Growing momentum away from coal in Japan has seen the influential major trading houses Mitsubishi, Mitsui, Itochu and Sojitz announce they are leaving thermal coal mining for good whilst Marubeni has indicated an end to further coal-fired power plant construction.
In addition, growing pressure to respond to the impacts of climate change may force Japan to favour Liquefied Natural Gas (LNG) over coal during the last decades of fossil fuel-fired power generation, as South Korea appears to be doing.
Japan is the chair of the G20 in 2019 and has put climate change action at the top of its agenda during its tenure – a more ambitious plan to reduce Japanese carbon emissions may be in the works.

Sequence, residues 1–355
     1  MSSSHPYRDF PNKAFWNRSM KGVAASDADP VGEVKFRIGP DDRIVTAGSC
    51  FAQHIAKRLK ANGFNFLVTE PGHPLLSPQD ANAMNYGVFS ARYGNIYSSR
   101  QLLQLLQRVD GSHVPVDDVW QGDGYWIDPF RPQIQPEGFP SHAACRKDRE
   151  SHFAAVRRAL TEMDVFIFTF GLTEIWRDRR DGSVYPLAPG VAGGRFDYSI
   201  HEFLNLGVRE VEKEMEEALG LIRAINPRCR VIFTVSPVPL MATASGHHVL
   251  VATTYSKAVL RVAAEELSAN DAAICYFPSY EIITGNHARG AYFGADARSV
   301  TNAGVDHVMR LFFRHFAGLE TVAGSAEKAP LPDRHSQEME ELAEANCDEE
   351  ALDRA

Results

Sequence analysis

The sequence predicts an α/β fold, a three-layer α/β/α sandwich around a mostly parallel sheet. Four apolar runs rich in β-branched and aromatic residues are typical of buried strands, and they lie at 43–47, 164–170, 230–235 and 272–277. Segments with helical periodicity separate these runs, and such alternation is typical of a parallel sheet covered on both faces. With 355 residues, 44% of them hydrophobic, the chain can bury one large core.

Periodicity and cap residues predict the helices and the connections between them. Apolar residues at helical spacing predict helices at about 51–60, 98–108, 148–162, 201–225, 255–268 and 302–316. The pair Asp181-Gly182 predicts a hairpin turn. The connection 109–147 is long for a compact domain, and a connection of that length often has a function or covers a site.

The South Korean government is aiming to encourage a switch from coal and nuclear powered generation to LNG and renewables. Policy drivers have included significantly increased taxes on coal imports and a drop in LNG import taxes.
The Australian government’s export credit agency, the Export Finance and Insurance Corporation (EFIC), has noted this policy shift “will benefit Australian LNG exports at the expense of thermal coal producers”.
In addition, South Chungcheong province, home to around half of South Korea’s coal-fired power plants, is intending to move away from coal even faster. The province is already a member of the Powering Past Coal Alliance – a global alliance of governments, businesses and organisations transitioning away from coal.